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young things Charles Wells sales and marketing director Nigel McNally looksat the importance of the emerging beer brands sector If you consider which...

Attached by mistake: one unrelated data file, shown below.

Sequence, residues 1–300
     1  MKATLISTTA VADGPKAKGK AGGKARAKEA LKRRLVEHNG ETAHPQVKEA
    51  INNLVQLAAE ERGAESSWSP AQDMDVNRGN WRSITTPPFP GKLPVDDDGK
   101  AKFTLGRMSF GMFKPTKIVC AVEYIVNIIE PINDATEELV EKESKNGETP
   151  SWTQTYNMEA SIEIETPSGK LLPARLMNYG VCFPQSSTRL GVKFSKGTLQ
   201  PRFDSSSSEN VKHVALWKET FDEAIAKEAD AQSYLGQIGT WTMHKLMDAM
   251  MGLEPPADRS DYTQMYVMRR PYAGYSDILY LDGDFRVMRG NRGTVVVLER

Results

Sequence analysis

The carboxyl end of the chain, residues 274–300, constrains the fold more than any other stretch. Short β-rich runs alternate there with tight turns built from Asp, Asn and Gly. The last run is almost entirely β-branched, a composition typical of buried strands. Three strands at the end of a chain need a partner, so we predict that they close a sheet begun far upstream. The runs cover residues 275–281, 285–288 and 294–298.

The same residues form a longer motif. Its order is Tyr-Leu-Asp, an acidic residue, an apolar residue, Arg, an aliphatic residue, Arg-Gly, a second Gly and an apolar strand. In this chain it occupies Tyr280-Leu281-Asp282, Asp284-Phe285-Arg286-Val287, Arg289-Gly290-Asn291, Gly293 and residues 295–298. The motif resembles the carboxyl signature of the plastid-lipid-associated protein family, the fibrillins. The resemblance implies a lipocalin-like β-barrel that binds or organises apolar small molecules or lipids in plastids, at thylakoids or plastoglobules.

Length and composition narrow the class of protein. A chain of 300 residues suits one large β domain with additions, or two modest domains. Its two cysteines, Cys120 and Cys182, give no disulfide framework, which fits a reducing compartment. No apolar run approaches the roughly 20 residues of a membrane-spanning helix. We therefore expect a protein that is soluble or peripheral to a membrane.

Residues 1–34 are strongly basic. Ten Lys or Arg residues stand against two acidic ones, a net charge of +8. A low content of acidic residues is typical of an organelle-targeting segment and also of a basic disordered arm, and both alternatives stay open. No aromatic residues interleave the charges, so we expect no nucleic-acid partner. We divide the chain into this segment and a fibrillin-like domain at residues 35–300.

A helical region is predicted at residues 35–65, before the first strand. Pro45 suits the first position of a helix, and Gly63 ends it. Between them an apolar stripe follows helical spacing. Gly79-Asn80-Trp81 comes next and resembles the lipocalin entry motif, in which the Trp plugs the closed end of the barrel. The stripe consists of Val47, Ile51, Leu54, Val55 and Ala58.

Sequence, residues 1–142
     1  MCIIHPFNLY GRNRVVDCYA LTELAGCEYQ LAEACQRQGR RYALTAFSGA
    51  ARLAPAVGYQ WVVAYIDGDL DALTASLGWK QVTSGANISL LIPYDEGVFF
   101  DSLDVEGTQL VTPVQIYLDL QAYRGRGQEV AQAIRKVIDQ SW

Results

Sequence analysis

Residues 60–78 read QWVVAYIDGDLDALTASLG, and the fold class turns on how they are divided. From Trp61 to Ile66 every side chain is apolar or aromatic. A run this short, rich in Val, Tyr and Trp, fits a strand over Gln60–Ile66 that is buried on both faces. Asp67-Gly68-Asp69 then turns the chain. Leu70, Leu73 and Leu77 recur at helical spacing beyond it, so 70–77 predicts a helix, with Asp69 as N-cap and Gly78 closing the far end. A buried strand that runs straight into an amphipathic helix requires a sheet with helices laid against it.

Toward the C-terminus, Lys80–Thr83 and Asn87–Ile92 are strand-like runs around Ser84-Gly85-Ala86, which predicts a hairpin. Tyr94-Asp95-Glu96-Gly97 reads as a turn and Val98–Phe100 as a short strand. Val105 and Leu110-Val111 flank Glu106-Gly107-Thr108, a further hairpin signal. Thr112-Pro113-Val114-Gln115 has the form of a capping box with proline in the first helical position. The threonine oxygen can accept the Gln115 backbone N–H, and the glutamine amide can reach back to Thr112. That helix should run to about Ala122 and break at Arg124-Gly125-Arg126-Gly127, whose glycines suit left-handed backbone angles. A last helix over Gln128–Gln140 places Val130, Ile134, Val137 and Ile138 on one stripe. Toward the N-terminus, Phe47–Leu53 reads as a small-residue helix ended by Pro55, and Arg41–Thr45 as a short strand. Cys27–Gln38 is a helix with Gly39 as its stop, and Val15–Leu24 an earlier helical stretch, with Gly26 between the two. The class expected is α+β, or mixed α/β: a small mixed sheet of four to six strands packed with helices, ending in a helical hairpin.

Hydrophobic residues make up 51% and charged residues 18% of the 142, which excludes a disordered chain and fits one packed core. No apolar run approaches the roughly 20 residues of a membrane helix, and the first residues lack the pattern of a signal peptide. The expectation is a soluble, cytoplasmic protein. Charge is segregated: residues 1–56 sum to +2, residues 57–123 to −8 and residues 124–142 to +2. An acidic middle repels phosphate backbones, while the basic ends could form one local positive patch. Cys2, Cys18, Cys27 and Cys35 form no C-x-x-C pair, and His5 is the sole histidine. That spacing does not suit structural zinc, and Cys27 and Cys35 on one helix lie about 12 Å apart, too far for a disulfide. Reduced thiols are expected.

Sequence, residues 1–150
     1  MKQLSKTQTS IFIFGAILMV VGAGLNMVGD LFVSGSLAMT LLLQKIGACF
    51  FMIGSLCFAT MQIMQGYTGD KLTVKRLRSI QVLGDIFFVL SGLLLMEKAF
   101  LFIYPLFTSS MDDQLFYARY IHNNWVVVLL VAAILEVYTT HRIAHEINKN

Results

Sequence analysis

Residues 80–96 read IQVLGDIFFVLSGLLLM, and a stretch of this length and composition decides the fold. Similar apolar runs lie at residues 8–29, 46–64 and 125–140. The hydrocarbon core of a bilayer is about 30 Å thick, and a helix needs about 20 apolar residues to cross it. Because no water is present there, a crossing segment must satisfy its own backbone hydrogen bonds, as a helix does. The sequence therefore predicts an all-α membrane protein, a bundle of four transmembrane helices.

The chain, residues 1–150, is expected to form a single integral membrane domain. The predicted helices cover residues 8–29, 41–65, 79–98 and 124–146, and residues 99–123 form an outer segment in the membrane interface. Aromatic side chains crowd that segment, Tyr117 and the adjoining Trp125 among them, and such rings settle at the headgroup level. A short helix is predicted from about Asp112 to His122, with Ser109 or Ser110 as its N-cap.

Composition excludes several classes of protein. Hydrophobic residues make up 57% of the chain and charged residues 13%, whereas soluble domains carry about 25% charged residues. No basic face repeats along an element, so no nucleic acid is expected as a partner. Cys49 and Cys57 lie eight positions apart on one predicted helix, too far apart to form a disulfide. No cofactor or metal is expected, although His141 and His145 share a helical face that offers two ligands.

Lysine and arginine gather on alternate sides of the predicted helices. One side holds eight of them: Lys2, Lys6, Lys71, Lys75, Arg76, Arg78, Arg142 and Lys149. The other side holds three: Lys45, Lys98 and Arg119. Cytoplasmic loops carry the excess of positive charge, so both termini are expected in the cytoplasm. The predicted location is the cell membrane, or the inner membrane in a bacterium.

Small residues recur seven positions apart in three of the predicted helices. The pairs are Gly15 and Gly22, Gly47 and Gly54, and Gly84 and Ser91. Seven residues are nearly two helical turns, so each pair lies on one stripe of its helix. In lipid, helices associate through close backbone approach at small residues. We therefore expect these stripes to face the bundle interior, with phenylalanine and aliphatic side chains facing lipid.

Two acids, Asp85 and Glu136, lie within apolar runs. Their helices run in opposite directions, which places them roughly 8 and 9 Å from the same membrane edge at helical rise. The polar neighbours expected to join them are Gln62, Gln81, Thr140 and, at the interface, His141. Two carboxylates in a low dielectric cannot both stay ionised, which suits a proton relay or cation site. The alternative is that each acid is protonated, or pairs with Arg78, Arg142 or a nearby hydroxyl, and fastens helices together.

young things Charles Wells sales and marketing director Nigel McNally looksat the importance of the emerging beer brands sector If you consider which brands have dominated the UK beer market since time immemorial, Guinness is probably the only true example. Even Stella Artois was a new kid on the block 15 years ago and, along with brands such as Kronenbourg and Grolsch, started to overtake established brands. Together they created a new segment, the emerging brands sector, but in turn they became mainstream and ubiquitous. The market lifecycle continues to see product growth, followed by alevelling-off process with previous emerging brands suddenly becoming the hunted, not the hunter. The licensed trade faces a challenge to stimulate energy and new strands into the beer sector, trying, where possible, to extend the lifecycle growth period. That energy can only come from mainstream brands or the emerging products. Figures show that it is most likely to flow from the emerging brands, where there is an undercurrent of rapid growth. Corona Extra, the number one premium bottled Mexican lager, for example, is maintaining a volume growth of more than 100% and Red Stripe is gathering momentum at 25%. At Charles Wells, we have looked at brands from the Northern and Southern Hemispheres to consider whether such growth can, and will, be sustainable. The Northern Hemisphere offers us European/Continental or Americana-style beers. The Continental versions are bitter tasting and currently growing at 4% from a large base (volume 2.3 million barrels). The American beer style is blander and rising at 2% from a smaller base. Brands from these categories tend to be supported by considerable advertising budgets, with the returns generally proving to be relatively disappointing. The southern hemisphere, meanwhile, is seen to offer fantastic growth through Central and Southern American and Asian beers. Their growth appears inconsistent with advertising spend, yet suggests that the consumer is looking for brands that offer a point of difference from the mainstream. And it suggests that they are meeting genuine consumer needs and should not be ignored. Their key characteristics are: l Taste ­ Central and South American beers are generally more refreshing and offer subtle taste varieties. They are less bitter than their Continental counterparts and the same is true of Asian brands such as Kirin, Cobra and Tiger beers. Consumers are searching for a refreshing taste experience from different parts of the world and are more adventurous than ever in what they try. l Heritage ­ Consumers are increasingly well travelled and may have experienced exotic beers in their natural environment. They are looking to recreate this acquaintance when they return home. l Positioning and propositions ­ Consumers identify a beer to match the occasion and the proposition becomes a key driver to purchase. Propositions offered by beers from emerging brands tend to be more interesting and stimulating than mainstream brands. Corona Extra, for example, is positioned as the ultimate party beer. It is now outperforming Budweiser in key managed outlets such as Urbium, SFI and the Living Room and also in four-pack bottles in the off-trade. It spends little on advertising yet is achieving a 100% growth rate on a base of more than 2 million cases a year. And this rate of sale shows no sign of slowing. The marketing approaches of Corona Extra and Budweiser are diametrically opposed. Instead of extensive advertising, Corona communicates its proposition at the bar where, if customers enjoy a positive experience, the "ultimate party beer" message is reinforced and becomes self-perpetuating. The clear, distinctive bottle and unmistakable Mexican imagery simply serve to strengthen its partying credentials. Similarly, the Red Stripe heritage emphasises all the positive elements of Jamaican and Caribbean culture that is represented through its chilled, "irie" proposition. Its taste profile is refreshing and not bitter and the use of Yakhima hops makes the distinctive taste very moreish. Rather than investing heavily in advertising, Red Stripe is deliberately marketed at grass roots level. In this way, the brand is associated with events relevant to its target market, including surfing, music, carnival and cricket. Such marketing plans look to continue the brand growth from its current base of 2 million-plus cases and current growth rate of 25% year on year. A couple of emerging brands have taken a further step, giving additional consumer benefit through their choice of ingredients. Cobra, for example, provides a less gassy beer. Another Asian product, Asahi, markets itself as offering a dry-tasting beer-drinking experience whilst Kirin, also from Japan, will be relaunched later this year, capitalising on its unique brewing process proposition. With regard to draught premium lager, customer insight shows that trade can realistically justify two premium lager fonts on the bar, given the size and performance of the sector. At Charles Wells, it's our view that one of those should be a mainstream premium lager, such as Kronenbourg or Stella, with the other being drawn from the emerging brands sector. These offer at least one point of difference and, as the perception is of a more premium product than the mainstream, a premium price can be charged. We've monitored draught Red Stripe on the same bar as Stella Artois and seen it command a 30p-per-pint price premium to Stella and still achieve a comparable rate of sale. Our test experience shows that Red Stripe can, therefore, offer a higher cash margin delivery per customer than Stella and work successfully in tandem with a more mainstream brand. To put two Continental-style products on the bar does not give the consumer wide enough choice, nor does it maximise the use of limited bar space. Greater consideration needs to be given to satisfying the broader consumer taste profiles. Likewise, licensees need to recognise the benefits of allocating greater space to the emerging packaged beer brands, given their exceptional rates of growth. These new premium-packaged lagers shouldn't be hidden away on the bottom shelf of the fridge where consumers might not even notice them. When new products from the emerging premium lager sector are introduced, a concerted point-of-purchase strategy should be implemented allowing consumers to develop brand recognition and the opportunity of experimentation with a new taste, heritage or proposition. So where do the emerging beer brands go from here? A number of emerging brands have been successful through trial in restaurants. This is true for Corona Extra in Mexican restaurants, Cobra and Kingfisher in Indian restaurants and Asahi and Kirin in Japanese restaurants. The challenge has always been to widen appeal of the emerging brands and take them out to a wider arena, and it remains so today. Some have fared better than others, with Corona, Red Stripe, Cobra, Kirin and Tiger leading the way. But will these emerging brands of today become the mainstream brands of tomorrow or will they continue to hold their mysterious allure and their key selling points? It's my belief that certain brands within the sector will become significant in their own right over time. Whether they become mainstream is open to question. Providing the brand owner can be sensitive in the marketing of its products, there's no reason why the exclusive nature of these products can't be retained whilst enjoying considerable volumes. What is absolutely clear is that the emerging beer brands are an important constituent of the trade offering and should be cherished, nurtured and enjoyed while recognising the benefits of their premium credentials.